The Real End to the Baseball Season: 2018 Glendale Desert Dogs in Review

The Real End to the Baseball Season: 2018 Glendale Desert Dogs in Review


The Real End to the Baseball Season: 2018 Glendale Desert Dogs in Review


The Glendale Desert Dogs had a down and up year this season as they started the season with eight straight losses, but were able to climb back into contention by winning eight of their next eleven. In the end, it wouldn’t be enough as Peoria caught fire and eliminated all competitors in the West with more than a week remaining in the regular season schedule. Even so, there were plenty of exemplary individual performances including a five inning shut out by Ben Holmes that won him pitcher of the week and the longest hit streak of the season (14 games) coming courtesy of Luis Robert.


He may not be the biggest star on the team and may not have the brightest future, but 21 year old Orioles center fielder Ryan McKenna had an absolutely incredible run during the 2018 fall league. Nobody out hustled McKenna who lead the team with three triples and came in second with six doubles to lead the team in slugging percent (.590) as well.

He played 127 games during the regular season between high A and AA and still had the energy to be the Desert Dogs lead-off hitter and starting outfielder. Excelling at every facet of the game, McKenna also lead the team in walks (14) and OBP (.474) and was one of the more aggressive base runners.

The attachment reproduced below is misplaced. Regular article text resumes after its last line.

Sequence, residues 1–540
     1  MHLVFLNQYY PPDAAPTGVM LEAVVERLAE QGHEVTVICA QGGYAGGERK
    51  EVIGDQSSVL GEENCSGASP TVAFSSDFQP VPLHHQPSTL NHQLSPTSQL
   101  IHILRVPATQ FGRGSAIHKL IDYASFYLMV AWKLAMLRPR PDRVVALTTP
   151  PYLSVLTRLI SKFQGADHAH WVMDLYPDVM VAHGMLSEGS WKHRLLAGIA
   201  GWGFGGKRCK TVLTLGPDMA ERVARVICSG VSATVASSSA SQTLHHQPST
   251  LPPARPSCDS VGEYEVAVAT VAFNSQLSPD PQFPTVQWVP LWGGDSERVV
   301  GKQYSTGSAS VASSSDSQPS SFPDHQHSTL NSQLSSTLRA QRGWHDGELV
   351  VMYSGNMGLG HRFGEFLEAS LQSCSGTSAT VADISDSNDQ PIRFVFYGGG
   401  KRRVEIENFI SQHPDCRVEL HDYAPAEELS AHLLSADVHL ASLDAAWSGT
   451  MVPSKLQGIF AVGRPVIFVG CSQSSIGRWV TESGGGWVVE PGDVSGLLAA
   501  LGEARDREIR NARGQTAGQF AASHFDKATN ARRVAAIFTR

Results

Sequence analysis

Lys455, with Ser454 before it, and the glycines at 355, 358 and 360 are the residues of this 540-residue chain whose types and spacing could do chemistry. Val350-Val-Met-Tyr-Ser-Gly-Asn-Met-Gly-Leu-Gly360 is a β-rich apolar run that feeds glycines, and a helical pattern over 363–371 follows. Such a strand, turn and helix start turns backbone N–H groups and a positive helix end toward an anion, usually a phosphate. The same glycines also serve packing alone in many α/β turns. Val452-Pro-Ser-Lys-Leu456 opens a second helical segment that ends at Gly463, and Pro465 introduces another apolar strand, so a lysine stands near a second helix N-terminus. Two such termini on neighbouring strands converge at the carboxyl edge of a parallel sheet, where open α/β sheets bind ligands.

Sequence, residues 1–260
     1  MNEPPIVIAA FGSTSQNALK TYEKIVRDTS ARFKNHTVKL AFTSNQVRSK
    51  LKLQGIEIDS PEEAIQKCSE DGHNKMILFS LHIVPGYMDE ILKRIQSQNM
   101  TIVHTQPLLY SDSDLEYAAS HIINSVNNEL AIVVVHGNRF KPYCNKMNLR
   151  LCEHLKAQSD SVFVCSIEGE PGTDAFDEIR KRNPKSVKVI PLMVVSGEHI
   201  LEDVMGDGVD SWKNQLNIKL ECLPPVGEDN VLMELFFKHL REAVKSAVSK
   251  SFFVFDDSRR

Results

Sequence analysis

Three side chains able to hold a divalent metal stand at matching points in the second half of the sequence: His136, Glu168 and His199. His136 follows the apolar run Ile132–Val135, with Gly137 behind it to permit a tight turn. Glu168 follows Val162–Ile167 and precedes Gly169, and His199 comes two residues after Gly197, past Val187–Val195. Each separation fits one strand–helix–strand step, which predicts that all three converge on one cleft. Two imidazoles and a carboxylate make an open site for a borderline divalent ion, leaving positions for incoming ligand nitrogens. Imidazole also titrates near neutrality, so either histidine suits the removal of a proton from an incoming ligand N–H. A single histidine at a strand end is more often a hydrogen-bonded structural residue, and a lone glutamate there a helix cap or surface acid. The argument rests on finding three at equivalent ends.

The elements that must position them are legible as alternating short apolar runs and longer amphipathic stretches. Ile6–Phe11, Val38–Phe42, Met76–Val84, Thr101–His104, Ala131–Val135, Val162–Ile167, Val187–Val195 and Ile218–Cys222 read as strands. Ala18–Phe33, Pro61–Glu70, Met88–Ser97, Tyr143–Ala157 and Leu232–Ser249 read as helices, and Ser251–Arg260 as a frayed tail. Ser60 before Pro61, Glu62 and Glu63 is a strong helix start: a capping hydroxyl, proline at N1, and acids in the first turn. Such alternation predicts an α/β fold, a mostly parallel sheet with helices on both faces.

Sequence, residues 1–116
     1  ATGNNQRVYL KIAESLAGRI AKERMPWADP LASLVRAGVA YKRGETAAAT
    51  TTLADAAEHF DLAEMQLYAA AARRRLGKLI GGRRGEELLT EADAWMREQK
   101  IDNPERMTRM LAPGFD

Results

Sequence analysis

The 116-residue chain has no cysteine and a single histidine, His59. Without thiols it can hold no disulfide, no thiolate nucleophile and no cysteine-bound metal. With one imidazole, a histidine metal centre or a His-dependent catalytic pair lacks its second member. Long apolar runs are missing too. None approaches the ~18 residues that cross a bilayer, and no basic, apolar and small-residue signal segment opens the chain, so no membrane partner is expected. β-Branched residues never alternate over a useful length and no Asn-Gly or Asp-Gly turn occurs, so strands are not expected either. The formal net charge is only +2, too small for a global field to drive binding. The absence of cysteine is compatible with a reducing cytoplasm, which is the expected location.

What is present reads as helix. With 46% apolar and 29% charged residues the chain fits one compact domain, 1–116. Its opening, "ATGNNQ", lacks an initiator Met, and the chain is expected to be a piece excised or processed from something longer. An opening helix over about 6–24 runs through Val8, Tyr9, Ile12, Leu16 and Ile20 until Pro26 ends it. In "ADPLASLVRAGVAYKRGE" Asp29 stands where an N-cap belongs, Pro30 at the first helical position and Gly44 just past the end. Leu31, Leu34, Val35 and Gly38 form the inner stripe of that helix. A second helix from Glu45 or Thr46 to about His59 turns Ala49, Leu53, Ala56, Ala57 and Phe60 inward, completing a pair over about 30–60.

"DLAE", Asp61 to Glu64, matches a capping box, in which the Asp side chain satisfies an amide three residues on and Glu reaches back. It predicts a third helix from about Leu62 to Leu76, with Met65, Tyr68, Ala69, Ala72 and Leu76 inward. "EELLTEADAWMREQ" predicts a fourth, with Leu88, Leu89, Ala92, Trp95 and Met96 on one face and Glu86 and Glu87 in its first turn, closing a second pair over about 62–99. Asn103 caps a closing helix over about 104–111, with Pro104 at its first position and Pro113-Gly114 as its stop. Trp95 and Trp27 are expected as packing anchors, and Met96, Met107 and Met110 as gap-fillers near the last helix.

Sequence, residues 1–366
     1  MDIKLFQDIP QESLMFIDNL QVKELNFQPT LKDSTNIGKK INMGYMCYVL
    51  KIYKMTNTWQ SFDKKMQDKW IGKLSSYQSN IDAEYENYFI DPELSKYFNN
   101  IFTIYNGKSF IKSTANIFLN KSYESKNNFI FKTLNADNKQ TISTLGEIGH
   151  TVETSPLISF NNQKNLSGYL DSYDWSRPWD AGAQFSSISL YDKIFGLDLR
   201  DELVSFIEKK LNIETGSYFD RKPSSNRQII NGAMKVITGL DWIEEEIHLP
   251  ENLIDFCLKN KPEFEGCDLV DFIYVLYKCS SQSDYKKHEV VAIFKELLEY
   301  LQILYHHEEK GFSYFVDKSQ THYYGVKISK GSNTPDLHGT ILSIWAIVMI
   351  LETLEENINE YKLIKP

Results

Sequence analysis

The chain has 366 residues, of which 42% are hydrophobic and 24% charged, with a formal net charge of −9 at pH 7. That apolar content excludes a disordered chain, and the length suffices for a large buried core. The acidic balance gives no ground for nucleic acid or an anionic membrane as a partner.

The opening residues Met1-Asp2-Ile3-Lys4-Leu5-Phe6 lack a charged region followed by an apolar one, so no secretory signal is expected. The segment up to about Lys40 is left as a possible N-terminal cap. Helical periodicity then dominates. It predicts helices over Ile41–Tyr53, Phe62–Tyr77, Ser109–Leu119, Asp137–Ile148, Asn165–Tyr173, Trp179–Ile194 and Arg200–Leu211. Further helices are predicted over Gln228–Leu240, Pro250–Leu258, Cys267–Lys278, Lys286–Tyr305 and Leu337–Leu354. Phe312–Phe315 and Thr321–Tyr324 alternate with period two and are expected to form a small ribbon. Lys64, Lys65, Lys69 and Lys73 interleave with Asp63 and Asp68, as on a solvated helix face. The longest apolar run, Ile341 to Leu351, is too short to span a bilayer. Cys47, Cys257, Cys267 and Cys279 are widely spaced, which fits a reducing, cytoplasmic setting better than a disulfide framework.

Ruiz heads back to third after a foul ball during a 2018 Glendale Desert Dogs game. – Joseph Coblitz, BurningRiverBaseball

Future Stars

While he missed some time due to injury early on, Luis Robert was a truly incredible five tool player (in the old school sense) that was a treat to watch play. On multiple occasions he would create an offensive opportunity out of nothing by reaching base by any means necessary, stealing or taking extra bases and forcing his way across the diamond. He was safe on all five stolen base attempts to lead the team and ended up hitting two doubles and two home runs, although he was generally a singles hitter. He is a good defender as well and, along with Luis Alexander Basabe, should provide the White Sox with an extremely talented outfield in the near future.

For the Dodgers, a pair of pitchers and a catcher stuck out as Ben Holmes was the Desert Dogs most consistent starter, Jordan Sheffield one of the most consistent relievers with Keibert Ruiz providing some offense from an offense deprived position. Holmes finished the year with a 3.97 ERA, but struck out 24 in 22.2 IP while allowing ten walks and 20 hits. Sheffield had a rough finish, but still ended up with a 1.93 ERA and just six hits allowed in 9.1 IP. Ruiz’s greatest accomplishment was striking out just twice in 49 at bats before he was removed from the roster for the final week of the season.

As a whole, the Glendale bullpen was terrific and in particular Baltimore’s Tanner Chleborad, New York’s Matt Wivinis, Cleveland’s Rob Kaminsky and Chicago’s Zack Burdi and Zach Thompson deserve credit here.

Finally, Cleveland’s Yu Chang participated in the AFL for the second time this year and was completely on top of things. Starting at third base and moving to second in the second half, Chang hit .337/.396/.523, all numbers second only to McKenna on the team. He lead the team in home runs (4) and RBI (17) providing constant opposite field power from the right side of the plate.

Wivinis pitches in relief for the Desert Dogs during the 2018 AFL season. – Joseph Coblitz, BurningRiverBaseball

Under Appreciated

Going back to the rotation, Baltimore’s Chris Lee finished the year with the lowest ERA on staff at 3.05, but did so while striking out only 13 during 20.2 innings. He was able to avoid problems by walking just eight and allowing only 18 hits, although he did hit two batters.